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Letter to the Editor
2014:80:5;478-480
doi: 10.4103/0378-6323.140336
PMID: 25201863

Nevus sebaceous treated with fractional carbon dioxide laser followed by pulsed dye laser

Hae Eul Lee, Seung Bae Park, Jeung Hoon Lee, Myung Im
 Department of Dermatology, School of Medicine, Chungnam National University, Daejeon, Korea

Correspondence Address:
Myung Im
Department of Dermatology, Chungnam National University Hospital, 55 Munhwa-Ro, Jung-Ku, Daejon 301 - 747
Korea
How to cite this article:
Lee HE, Park SB, Lee JH, Im M. Nevus sebaceous treated with fractional carbon dioxide laser followed by pulsed dye laser. Indian J Dermatol Venereol Leprol 2014;80:478-480
Copyright: (C)2014 Indian Journal of Dermatology, Venereology, and Leprology

Sir,

Nevus sebaceous is a benign neoplasm usually located on the scalp, often near the vertex, or on the face. Generally a solitary, tan or orange-yellow smooth plaque at birth, it becomes verrucous at puberty. Surgical excision is the standard treatment because the nevus extends deep into the dermis and may undergo malignant change. [1] However, excision of a large nevus sebaceous needs a subsequent graft or flap and the result may not be cosmetically acceptable, especially on the face. Laser treatment of nevus sebaceous may be a better option. Treatment with lasers such as carbon dioxide (CO 2 ), argon and erbium yttrium-aluminium-garnet (Er: YAG) laser have been reported, [2],[3],[4] but we did not find any previous reports of ablation using a fractional CO 2 laser. We report a case of nevus sebaceous on the face treated with a fractional CO 2 laser followed by a 595 nm pulsed dye laser (PDL). The results were cosmetically acceptable and there was no recurrence.

A 24-year-old woman presented to us with an 8 × 4 cm sized, tan-orange colored verrucous plaque on her face [Figure - 1]a. A skin biopsy showed epidermal hyperplasia with an increase in mature sebaceous glands. Based on clinical and pathologic findings, a diagnosis of nevus sebaceous was made. Since the nevus was large and on the face, surgical excision would have been difficult and may have caused disfigurement. We therefore decided to treat the lesion with lasers in a two-step process. First, fractional CO 2 laser ablation (Mosaic eCO 2 laser, Lutronic Corporation, Goyang, Korea) was carried out thrice at 4-week intervals. At each session, the first pass was performed with a pulse energy of 120 mJ and a density of 150 spots/cm 2 while the subsequent two passes used a pulse energy of 160 mJ in dynamic mode. The lesion became flat and reddish after ablation [Figure - 1]b-d. Next, the ablated area was treated with a 595 nm PDL (V-beam Perfecta, Candela, Boston, USA) for scar prevention. A 7 mm spot was used with a fluence of 9-11 J/cm 2 and a pulse duration of 10 ms. A dynamic cooling device delivered a 30 ms spurt and 30 ms delay prior to each laser pulse. Improvements in color and texture were seen after three sessions with the PDL at 3-week intervals [Figure - 1]e, and there was no relapse on follow-up one year after completion of treatment.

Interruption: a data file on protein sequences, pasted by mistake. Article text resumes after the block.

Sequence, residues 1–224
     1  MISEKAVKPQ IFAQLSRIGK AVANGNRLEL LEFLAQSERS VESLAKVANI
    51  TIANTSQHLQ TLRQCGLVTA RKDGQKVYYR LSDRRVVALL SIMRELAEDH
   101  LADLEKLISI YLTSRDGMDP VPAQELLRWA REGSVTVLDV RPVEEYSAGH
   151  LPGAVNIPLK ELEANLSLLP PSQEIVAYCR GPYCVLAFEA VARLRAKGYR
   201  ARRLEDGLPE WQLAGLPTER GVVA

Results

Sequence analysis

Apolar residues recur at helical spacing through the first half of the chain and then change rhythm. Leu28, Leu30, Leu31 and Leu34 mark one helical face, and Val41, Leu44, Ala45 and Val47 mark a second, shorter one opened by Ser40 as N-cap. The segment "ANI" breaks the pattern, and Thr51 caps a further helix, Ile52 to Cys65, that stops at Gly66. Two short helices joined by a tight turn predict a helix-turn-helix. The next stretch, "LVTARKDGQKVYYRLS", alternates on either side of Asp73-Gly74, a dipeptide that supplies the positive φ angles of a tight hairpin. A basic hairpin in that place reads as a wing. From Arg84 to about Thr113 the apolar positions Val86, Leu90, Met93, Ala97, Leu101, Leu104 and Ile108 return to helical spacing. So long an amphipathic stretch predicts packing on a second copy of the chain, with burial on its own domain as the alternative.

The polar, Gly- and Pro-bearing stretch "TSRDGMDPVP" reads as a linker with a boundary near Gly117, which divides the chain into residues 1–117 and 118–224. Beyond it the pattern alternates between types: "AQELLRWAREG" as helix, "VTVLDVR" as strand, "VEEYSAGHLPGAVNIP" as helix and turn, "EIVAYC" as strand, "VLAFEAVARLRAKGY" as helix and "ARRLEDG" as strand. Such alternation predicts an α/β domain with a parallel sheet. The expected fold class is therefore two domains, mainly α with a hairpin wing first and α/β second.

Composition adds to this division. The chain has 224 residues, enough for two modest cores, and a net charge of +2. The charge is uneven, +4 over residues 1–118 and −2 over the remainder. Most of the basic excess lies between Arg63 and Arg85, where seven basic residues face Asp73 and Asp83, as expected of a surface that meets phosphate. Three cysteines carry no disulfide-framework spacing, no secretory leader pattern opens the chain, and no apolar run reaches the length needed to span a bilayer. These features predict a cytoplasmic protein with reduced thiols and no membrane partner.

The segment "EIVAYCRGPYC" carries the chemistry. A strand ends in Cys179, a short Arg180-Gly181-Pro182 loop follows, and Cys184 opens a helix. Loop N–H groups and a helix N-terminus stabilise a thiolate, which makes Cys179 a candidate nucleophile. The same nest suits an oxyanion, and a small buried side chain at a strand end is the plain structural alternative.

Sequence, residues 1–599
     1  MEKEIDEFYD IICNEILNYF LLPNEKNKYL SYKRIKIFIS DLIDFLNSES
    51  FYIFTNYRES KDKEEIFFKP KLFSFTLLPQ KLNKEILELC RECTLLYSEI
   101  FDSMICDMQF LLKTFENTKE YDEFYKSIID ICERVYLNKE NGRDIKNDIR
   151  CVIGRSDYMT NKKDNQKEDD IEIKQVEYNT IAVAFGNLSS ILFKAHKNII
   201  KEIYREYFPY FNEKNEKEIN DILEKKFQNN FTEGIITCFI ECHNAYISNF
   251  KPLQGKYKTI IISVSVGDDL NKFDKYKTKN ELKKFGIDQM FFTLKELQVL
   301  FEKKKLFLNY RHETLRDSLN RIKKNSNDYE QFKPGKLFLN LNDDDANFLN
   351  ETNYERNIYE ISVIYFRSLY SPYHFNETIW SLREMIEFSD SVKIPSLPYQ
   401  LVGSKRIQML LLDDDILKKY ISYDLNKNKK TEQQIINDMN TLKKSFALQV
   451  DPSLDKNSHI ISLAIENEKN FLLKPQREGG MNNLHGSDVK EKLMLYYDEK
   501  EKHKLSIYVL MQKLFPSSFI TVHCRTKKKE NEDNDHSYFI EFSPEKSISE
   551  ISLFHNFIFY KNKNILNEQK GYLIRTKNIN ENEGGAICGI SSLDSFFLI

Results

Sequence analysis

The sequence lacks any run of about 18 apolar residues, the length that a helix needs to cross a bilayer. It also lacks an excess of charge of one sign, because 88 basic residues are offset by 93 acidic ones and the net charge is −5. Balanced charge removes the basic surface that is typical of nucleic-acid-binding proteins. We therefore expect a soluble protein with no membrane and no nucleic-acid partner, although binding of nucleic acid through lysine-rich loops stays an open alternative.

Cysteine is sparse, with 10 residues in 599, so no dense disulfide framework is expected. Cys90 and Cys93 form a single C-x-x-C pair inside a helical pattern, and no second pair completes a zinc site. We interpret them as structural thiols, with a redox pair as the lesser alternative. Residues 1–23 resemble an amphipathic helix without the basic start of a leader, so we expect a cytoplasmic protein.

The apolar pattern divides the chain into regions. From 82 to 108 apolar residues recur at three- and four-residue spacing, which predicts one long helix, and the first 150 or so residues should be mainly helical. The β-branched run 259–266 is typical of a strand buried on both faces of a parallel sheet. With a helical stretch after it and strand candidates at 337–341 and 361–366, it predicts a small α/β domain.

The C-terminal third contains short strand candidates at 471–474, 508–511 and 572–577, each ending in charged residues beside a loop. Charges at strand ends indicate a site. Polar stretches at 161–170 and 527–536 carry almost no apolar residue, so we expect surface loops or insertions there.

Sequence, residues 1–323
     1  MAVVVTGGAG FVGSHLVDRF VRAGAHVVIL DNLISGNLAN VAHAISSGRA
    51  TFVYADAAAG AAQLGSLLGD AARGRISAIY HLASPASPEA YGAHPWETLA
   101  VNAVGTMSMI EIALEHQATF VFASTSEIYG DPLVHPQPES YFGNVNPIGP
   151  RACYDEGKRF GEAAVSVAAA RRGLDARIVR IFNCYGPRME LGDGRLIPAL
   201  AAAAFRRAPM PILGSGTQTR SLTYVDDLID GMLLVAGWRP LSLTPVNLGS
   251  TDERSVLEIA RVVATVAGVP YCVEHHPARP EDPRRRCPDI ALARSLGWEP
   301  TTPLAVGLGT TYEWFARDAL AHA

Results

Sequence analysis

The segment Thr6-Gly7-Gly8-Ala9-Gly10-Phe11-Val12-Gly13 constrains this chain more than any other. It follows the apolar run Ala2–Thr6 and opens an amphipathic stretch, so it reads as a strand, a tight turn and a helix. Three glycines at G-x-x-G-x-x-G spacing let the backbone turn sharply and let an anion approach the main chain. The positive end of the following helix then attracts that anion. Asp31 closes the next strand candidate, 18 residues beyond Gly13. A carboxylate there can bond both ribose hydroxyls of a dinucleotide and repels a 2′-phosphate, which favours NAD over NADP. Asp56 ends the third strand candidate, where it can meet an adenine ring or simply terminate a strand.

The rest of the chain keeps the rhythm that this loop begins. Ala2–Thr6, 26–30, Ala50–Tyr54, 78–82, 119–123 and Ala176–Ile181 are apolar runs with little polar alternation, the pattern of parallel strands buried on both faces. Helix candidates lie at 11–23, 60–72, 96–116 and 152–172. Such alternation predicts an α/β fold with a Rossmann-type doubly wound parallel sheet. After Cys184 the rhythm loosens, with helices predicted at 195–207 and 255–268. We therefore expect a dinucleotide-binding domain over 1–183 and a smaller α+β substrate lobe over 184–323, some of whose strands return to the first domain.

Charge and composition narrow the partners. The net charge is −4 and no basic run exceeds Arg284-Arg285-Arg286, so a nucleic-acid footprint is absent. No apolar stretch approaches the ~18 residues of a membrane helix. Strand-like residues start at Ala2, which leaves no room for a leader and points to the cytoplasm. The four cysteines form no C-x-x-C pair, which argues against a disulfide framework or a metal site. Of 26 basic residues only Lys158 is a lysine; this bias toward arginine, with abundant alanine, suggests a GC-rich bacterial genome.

Figure 1: (a) Tan orange colored, orange peel-like plaque with well-defined margins on cheek. (b) After one session and (c) after two sessions of fractional carbon dioxide laser. (d) Flat surface and reddish color after three sessions. (e) Significant improvement in color and texture at 1 month after the last treatment with pulsed dye laser

We decided to use the fractional CO 2 laser for nevus ablation rather than an Er: YAG laser because with the latter it is difficult to cause deep-layer destruction and to control bleeding. Fractional CO 2 laser is also a less time-consuming procedure than the conventional CO 2 laser. Though fractional CO 2 laser in dynamic mode results in a flatter surface than in the static mode, scarring can still occur. There have been reports that PDL treatment may help prevent scar formation. [5] We therefore used this modality as a second step to reduce scar formation and telangiectasia, with cosmetically acceptable results.

Fractional CO 2 laser is an easy and effective technique to ablate large lesions and subsequent treatment with PDL may help reduce scarring. We suggest this combined laser therapy as an alternative in the treatment of nevus sebaceous, although further studies are needed to confirm our findings.

References
1.
Moody MN, Landau JM, Goldberg LH. Nevus sebaceous revisited. Pediatr Dermatol 2012;29:15-23.
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Aithal V. Nevus sebaceous: Response to erbium YAG laser ablation. Indian J Plast Surg 2005;38:48-50.
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Ashinoff R. Linear nevus sebaceus of Jadassohn treated with the carbon dioxide laser. Pediatr Dermatol 1993;10:189-91.
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Ginsbach G. Nevus sebaceous: Treatment with argon laser. Hautarzt 1980;31:338-9.
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Chan HH, Wong DS, Ho WS, Lam LK, Wei W. The use of pulsed dye laser for the prevention and treatment of hypertrophic scars in Chinese persons. Dermatol Surg 2004;30:987-94.
[Google Scholar]

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